Edgeworthia gardneri

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Edgeworthia gardneri
Edgeworthia gardneri - San Francisco Botanical Garden - DSC00104.JPG
Scientific classification
Kingdom: Plantae
(unranked): Angiosperms
(unranked): Eudicots
(unranked): Rosids
Order: Malvales
Family: Thymelaeaceae
Genus: Edgeworthia
Species: E. gardneri
Binomial name
Edgeworthia gardneri
(Wall.) Meisn.[1][2]
Synonyms[1][2]

Edgeworthia gardneri (common names: Indian papertree,[2] Nepalese paperbush;[2] Nepali: अर्गेली (Argelee))[3] is a plant in the Thymelaeaceae family. It is a small evergreen shrub growing up to 3–4 metres (10–13 ft) tall.[4] It can be distinguished by its brownish red stem. The flowers are hermaphrodite (they have both male and female organs).

Range and habitat[edit]

Edgworthia gardneri is native to the Himalayan regions of Bhutan; northern Burma; China (in eastern Xizang and northwestern Yunnan provinces); India; and Nepal.[2] It is found in forests and moist places at altitudes of 1,000–2,500 m (3,300–8,200 ft).[4]

It is cultivated elsewhere.[2]

Uses[edit]

E. gardneri branches and leaves

Edgeworthia gardneri is planted as an ornamental; and a high quality paper is made from its bark fibres.[2] This species is said to be the best of the various species that are used to make hand-made paper in the Himalayas.[citation needed]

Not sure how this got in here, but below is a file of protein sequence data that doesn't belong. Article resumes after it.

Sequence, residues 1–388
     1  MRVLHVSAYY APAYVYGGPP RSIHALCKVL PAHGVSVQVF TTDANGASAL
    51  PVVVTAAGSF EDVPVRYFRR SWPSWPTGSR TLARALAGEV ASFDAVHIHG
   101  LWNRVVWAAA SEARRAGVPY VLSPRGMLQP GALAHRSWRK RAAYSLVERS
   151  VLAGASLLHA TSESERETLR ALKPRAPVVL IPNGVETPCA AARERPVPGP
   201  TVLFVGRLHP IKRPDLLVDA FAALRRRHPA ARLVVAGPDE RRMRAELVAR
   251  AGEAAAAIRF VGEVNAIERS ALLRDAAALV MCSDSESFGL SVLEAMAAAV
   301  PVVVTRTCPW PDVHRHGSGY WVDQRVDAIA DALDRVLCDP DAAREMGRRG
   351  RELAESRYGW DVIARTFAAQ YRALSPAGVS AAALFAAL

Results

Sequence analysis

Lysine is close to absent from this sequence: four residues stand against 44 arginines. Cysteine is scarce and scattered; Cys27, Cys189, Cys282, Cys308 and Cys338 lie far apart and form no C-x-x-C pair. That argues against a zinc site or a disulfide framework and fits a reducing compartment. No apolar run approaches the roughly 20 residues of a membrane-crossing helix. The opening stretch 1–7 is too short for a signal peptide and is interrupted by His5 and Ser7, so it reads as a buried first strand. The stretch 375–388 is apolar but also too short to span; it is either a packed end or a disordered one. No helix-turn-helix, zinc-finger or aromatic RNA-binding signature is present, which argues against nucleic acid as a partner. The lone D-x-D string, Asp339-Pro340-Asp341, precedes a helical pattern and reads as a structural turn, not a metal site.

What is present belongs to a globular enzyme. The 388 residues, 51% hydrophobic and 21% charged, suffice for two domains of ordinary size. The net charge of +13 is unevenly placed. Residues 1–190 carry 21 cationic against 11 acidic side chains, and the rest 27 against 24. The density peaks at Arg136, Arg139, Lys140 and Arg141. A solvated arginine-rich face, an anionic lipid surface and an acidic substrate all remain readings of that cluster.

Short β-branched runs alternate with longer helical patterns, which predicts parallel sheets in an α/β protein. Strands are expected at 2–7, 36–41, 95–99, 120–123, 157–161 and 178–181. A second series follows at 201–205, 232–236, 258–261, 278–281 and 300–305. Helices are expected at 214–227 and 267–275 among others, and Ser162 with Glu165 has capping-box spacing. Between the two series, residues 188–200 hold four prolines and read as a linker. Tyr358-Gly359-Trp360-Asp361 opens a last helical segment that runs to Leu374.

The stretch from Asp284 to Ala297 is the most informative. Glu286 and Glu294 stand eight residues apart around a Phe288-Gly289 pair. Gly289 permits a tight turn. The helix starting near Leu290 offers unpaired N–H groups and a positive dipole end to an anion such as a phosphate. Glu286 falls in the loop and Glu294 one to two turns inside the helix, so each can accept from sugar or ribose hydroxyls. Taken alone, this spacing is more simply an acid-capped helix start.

References[edit]

  1. ^ a b Edgeworthia gardneri was originally described and published under its basionym (Daphne gardneri) in Asiatic Researches 13: 388, pl. [s.n.]. 1820.; under its currently accepted name (Edgeworthia gardneri), it was first published in Denkschriften der Koeniglich-Baierischen Botanischen Gesellschaft in Regensburg 3: 280–282, pl. 6. 1841. GRIN (February 11, 2007). "Daphne gardneri information from NPGS/GRIN". Taxonomy for Plants. National Germplasm Resources Laboratory, Beltsville, Maryland: USDA, ARS, National Genetic Resources Program. Retrieved October 1, 2012. 
  2. ^ a b c d e f g GRIN (April 5, 2002). "Edgeworthia gardneri information from NPGS/GRIN". Taxonomy for Plants. National Germplasm Resources Laboratory, Beltsville, Maryland: USDA, ARS, National Genetic Resources Program. Retrieved October 1, 2012. 
  3. ^ Baral, Sushim Ranjan; Kurmi, Puran Prasad (2006). A Compendium of Medicinal Plants in Nepal (First ed.). Chhauni, Kathmandu, Nepal: Mass Printing Press. p. 429. ISBN 99946-2027-4. 
  4. ^ a b http://www.flowersofindia.net/catalog/slides/Nepalese%20Paper%20Bush.html

External links[edit]